In the provinces, elections results centres are emptying out as the vote count wraps up. Slowest to finish are Limpopo – where only about 70% of the votes were counted by noon on Friday, more than a day and a half after the close of the polls – and the Free State, where 28% of the votes were still outstanding.

Trends in provinces reflected national trends with the ANC’s share of the vote down – there are massive service delivery problems in many municipalities, where residents often lack basics like clean water, and infighting and corruption within the ANC remain a problem – while the EFF has gone up. The DA, similarly, appears to have shed votes to the FF Plus, which had a good election overall, gaining seats in legislatures where it wasn’t represented in the past.

Mpumalanga and Limpopo are once again a mainstay for the ANC, and although the party’s days of getting over 80% in these provinces seem to be over, it will still dominate the legislatures there.

Limpopo (with 69% of the votes counted)

Even though 30% of the vote count was still outstanding in Limpopo and this could still present with drastic swings depending on whether these votes are in voting districts in, say, Seshego, where the EFF is strong, or in an ANC area. So far, the ANC garnered 75.5% of the votes in President Cyril Ramaphosa’s home province, down from 78.6% in 2014. The EFF is up by just under four%age points to 14.17%, while the DA dropped from 6.48% to 5.57%. The FF Plus, which wasn’t a factor before, looks set to get a seat or two in the legislature with 1.57%.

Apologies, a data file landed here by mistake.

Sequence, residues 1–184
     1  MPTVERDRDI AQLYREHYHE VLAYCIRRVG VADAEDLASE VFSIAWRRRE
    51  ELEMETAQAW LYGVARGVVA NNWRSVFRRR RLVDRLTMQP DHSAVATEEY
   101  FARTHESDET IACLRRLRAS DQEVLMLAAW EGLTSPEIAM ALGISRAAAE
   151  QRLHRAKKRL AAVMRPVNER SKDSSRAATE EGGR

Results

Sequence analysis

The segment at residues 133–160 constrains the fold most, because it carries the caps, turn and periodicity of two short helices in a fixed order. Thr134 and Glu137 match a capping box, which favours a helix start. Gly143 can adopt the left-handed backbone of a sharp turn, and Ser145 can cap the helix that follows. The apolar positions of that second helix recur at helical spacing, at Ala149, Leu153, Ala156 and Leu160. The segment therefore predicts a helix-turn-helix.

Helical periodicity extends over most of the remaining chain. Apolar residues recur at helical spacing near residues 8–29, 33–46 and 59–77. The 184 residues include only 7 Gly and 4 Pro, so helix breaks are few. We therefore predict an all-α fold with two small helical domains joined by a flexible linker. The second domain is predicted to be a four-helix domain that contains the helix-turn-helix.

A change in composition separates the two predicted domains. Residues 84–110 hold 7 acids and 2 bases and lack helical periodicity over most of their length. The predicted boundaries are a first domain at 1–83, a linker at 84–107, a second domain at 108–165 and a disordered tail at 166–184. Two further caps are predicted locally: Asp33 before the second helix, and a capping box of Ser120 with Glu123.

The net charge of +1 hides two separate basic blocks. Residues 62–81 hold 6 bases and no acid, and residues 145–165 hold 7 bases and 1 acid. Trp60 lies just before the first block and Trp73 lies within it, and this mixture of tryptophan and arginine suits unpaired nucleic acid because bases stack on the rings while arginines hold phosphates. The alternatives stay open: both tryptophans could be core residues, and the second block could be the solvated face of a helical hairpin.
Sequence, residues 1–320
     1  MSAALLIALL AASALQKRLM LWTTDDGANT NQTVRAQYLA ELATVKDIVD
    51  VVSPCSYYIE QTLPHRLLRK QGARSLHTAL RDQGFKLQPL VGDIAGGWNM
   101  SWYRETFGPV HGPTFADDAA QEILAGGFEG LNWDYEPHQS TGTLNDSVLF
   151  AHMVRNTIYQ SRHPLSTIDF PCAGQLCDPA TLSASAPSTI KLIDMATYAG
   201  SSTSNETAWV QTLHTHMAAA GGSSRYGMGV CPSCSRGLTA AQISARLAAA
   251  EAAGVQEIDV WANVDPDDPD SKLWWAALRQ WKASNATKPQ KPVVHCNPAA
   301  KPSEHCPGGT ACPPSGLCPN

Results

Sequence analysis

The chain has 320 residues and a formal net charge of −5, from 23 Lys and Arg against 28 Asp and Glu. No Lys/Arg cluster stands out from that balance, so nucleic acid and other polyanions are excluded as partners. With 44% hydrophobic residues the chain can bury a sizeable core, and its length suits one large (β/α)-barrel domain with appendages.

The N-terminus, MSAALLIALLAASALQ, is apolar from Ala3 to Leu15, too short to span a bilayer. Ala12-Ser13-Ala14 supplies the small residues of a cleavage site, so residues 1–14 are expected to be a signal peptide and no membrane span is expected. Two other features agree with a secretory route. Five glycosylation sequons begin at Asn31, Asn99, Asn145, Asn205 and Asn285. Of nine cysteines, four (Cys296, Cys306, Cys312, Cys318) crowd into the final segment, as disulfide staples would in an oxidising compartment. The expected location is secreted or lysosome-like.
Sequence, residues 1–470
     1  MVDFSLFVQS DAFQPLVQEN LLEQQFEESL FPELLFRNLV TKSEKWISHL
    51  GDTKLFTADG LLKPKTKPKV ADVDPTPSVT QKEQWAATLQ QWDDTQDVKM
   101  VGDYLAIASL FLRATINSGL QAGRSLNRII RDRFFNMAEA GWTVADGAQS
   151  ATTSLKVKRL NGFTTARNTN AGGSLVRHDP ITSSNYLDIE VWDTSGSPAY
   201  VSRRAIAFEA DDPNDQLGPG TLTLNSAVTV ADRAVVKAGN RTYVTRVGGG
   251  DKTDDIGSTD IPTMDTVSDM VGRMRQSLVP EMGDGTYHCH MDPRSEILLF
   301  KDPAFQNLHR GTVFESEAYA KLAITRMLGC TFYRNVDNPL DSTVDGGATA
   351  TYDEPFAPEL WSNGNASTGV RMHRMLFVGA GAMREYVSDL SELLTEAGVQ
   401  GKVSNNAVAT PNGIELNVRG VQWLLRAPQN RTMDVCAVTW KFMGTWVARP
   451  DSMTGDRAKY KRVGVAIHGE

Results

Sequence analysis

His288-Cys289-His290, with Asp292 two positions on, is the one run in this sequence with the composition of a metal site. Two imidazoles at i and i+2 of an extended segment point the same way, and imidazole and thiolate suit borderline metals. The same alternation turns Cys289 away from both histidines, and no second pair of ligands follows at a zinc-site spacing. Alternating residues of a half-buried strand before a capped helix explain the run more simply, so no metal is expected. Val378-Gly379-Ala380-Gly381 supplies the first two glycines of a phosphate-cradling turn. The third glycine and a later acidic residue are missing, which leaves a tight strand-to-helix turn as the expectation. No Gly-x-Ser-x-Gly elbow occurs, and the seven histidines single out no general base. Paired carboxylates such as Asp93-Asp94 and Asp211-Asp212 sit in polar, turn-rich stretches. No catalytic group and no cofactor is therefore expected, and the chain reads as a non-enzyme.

Mpumalanga (with 94% of the votes counted)

It looks like this will be the only other province where the ANC will be above the 70% mark (70.27%, down from 78.23% in 2014). The party will, however, in total have shed between 100,000 and 150,000 voters. Some of these were stay away votes, but the EFF looks set to gain more than 50,000 votes in this province (12.92% of the vote, more than that of 2014), many of them presumably from the ANC’s base.